Maybe you have suddenly realized that your retirement savings won't go as far as you thought. Maybe you find yourself out of work before you're ready to stop. Or maybe you simply have a yearning to do something else for the remainder of your work life.
Whatever the reason, more and more Americans are embarking on second careers. A survey by retiredbrains.com, a website that helps with retirement planning, found that more than 86 percent of business professionals plan to keep working even after they are eligible to retire—and a sizable portion of them choose to switch gears.
If that's your plan, then you are probably facing a task you haven't contended with in decades: how to figure out what you can bring to a new career and where you can find the best opportunities.
First up: Stow those old notions about the importance of job titles and your place in the corporate hierarchy.
"Your job title is not your asset," said Nancy Collamer, a career coach and the author of "Second-Act Careers: 50 Ways to Profit From Your Passions During Semi-Retirement" (Ten Speed Press). "Your asset is that you've got 25 years of knowledge of how to bring a product to market, or you know how to negotiate major contracts."
Collamer cites the example of a longtime marketing manager at Microsoft who decided to make a change. He had always enjoyed magic and performed on the side, so he became a marketing manager for other magicians, helping them get gigs at events such as corporate parties. It's an unusual niche, but it was a neat fit with his talents and interests.
"The reality is that we are quickly evolving into a situation where many of us, regardless of age, are not going to be working in traditional jobs," Collamer said.
Once you've assessed your assets, it's important to look at the potential in the broadest way possible. It's almost axiomatic that there are opportunities in health care, for example, but within such a wide category, you may be able to identify a specific unmet need that offers you the perfect chance to apply your unique skills.
Art Koff, founder of retiredbrains.com, pointed out that the health care industry includes those who do accounting or brand management for hospitals, who handle product sales, and more. The fact that the sector is expanding isn't just relevant for doctors and nurses, he said.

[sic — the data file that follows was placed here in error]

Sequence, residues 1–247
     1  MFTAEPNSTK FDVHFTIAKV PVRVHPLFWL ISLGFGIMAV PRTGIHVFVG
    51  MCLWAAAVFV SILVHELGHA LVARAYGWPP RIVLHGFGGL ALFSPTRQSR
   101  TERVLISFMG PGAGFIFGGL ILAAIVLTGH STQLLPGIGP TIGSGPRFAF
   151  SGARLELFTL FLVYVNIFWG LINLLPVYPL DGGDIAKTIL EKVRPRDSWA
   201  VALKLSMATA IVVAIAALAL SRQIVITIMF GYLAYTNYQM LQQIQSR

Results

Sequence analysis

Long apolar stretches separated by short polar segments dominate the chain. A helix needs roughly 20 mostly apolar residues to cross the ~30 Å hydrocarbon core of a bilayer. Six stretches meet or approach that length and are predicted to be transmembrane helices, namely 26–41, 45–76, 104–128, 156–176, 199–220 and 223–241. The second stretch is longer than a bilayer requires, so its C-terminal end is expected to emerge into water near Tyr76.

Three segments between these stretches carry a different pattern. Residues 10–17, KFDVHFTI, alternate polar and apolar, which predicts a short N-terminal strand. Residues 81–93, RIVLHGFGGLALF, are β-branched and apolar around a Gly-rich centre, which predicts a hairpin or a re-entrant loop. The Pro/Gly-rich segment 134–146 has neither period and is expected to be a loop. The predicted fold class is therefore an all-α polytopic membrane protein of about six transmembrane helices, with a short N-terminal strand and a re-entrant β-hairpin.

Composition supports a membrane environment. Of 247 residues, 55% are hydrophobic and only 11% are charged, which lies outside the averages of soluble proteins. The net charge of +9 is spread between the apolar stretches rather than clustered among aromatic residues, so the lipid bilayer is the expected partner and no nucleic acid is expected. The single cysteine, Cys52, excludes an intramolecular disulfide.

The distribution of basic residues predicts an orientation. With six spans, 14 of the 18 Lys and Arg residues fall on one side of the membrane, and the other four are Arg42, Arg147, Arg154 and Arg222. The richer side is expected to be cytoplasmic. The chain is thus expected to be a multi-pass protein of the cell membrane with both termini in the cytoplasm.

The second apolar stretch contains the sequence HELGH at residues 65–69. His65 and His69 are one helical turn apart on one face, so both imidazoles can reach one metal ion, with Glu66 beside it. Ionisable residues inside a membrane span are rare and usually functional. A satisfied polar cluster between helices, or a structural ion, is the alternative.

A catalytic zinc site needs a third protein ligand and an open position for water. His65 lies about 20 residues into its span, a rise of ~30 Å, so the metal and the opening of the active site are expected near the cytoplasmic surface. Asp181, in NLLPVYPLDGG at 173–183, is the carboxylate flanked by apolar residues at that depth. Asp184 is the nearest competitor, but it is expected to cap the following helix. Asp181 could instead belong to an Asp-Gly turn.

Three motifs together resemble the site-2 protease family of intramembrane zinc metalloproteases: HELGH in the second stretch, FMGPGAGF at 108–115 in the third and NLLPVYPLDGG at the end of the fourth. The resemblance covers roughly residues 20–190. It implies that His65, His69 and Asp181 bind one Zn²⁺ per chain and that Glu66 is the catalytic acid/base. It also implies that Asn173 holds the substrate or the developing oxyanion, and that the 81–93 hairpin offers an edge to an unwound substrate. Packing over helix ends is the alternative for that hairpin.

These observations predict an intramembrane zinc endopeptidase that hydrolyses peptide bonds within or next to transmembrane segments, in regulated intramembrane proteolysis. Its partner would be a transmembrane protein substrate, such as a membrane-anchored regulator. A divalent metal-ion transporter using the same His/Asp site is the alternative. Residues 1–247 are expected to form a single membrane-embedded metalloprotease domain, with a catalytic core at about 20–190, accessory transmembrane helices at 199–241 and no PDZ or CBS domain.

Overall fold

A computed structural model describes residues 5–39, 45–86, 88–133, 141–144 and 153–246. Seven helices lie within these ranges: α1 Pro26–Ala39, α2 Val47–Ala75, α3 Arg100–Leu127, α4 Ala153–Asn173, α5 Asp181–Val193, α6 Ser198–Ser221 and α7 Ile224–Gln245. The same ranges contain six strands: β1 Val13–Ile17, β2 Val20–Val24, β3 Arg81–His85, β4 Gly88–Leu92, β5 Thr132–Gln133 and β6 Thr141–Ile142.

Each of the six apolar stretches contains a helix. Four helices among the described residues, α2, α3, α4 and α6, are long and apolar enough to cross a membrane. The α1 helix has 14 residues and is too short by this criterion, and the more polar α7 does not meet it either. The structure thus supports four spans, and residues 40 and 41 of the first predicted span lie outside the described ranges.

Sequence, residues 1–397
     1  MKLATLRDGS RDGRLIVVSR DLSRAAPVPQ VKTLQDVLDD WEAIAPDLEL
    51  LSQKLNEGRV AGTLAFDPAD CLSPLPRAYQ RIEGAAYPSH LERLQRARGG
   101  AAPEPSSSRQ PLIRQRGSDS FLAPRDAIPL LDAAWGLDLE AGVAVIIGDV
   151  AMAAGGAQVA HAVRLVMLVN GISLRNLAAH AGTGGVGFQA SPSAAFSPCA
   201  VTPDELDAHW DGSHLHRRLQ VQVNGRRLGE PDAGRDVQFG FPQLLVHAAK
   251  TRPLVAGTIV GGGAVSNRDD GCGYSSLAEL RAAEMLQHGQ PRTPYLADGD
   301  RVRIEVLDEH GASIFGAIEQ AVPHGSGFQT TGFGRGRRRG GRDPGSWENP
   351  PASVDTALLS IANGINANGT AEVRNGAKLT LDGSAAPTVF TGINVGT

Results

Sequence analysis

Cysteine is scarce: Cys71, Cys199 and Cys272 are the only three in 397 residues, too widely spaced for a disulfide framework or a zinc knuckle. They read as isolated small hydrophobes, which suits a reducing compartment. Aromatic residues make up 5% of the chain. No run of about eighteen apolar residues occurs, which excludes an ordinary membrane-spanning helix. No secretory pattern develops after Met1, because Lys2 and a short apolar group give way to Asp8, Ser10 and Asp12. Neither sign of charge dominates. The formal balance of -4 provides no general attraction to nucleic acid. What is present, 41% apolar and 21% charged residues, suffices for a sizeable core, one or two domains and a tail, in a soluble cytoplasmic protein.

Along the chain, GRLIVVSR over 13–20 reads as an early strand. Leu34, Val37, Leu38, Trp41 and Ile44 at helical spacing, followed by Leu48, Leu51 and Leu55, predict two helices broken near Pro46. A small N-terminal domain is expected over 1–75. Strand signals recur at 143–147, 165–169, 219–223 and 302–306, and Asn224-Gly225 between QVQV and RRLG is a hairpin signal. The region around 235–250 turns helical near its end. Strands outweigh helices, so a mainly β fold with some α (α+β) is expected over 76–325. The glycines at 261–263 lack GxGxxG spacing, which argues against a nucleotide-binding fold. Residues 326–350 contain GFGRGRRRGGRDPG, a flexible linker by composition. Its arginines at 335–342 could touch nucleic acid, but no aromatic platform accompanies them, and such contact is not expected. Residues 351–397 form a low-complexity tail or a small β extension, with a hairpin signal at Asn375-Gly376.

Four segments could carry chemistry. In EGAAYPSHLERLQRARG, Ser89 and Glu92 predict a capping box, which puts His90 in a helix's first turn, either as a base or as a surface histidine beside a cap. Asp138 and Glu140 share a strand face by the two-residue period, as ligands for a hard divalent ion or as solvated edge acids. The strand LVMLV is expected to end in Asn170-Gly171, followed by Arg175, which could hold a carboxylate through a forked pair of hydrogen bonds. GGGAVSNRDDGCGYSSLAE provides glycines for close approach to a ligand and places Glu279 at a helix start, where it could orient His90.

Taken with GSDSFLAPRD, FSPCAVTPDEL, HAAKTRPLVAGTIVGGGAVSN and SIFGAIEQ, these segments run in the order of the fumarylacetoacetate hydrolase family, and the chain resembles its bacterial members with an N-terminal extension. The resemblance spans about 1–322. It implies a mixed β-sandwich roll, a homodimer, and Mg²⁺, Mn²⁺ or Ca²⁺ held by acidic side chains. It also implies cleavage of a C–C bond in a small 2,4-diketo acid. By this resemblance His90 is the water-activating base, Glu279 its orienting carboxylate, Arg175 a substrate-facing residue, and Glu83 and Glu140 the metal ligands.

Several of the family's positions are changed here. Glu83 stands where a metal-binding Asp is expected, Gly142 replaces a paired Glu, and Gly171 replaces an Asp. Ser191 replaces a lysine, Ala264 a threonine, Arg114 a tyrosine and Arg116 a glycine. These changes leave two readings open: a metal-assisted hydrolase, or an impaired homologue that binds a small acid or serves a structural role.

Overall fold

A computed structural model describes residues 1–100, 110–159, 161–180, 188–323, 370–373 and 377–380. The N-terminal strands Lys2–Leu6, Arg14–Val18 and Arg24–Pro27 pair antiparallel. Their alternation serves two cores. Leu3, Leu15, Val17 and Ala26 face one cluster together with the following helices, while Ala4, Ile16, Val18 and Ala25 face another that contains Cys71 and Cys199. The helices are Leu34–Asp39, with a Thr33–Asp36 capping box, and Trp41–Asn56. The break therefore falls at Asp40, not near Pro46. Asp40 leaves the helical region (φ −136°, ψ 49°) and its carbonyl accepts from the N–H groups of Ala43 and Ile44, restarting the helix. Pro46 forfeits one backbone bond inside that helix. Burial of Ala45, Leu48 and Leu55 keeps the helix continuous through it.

More broadly, Koff sees opportunities for second careers in small business—though not the kind that require investing retirement savings to start up and operate them. Small business holds enormous promise for experienced workers.
"The firms that are making the majority of hires are the firms with 500 employees or less," he said. "When you go to work for a smaller company, they're looking for somebody with broad-based experience as opposed to narrow experience."
It's even better if you're open to part-time work, according to Koff. "One of the few advantages ... is the ability to work on a project-based job if you are a manager or executive," he said. "It's not only a question of saving on benefits, but the cost of hiring and then letting someone go is huge. If they have the option of hiring you on a temporary basis, it's very attractive to companies."
Wherever you find your next act, expect to find plenty of company, Collamer warned. The latest employment data certainly support that view, with the number of workers 65 or older rising by 27,000 just in March as the overall workforce contracted.
"It's a combination of two things," she said. "You have a generation coming out of the workforce who for the most part are not going to have pensions." At the same time, she said, "people are living longer, healthier lives, so people need to find a way to fill their time."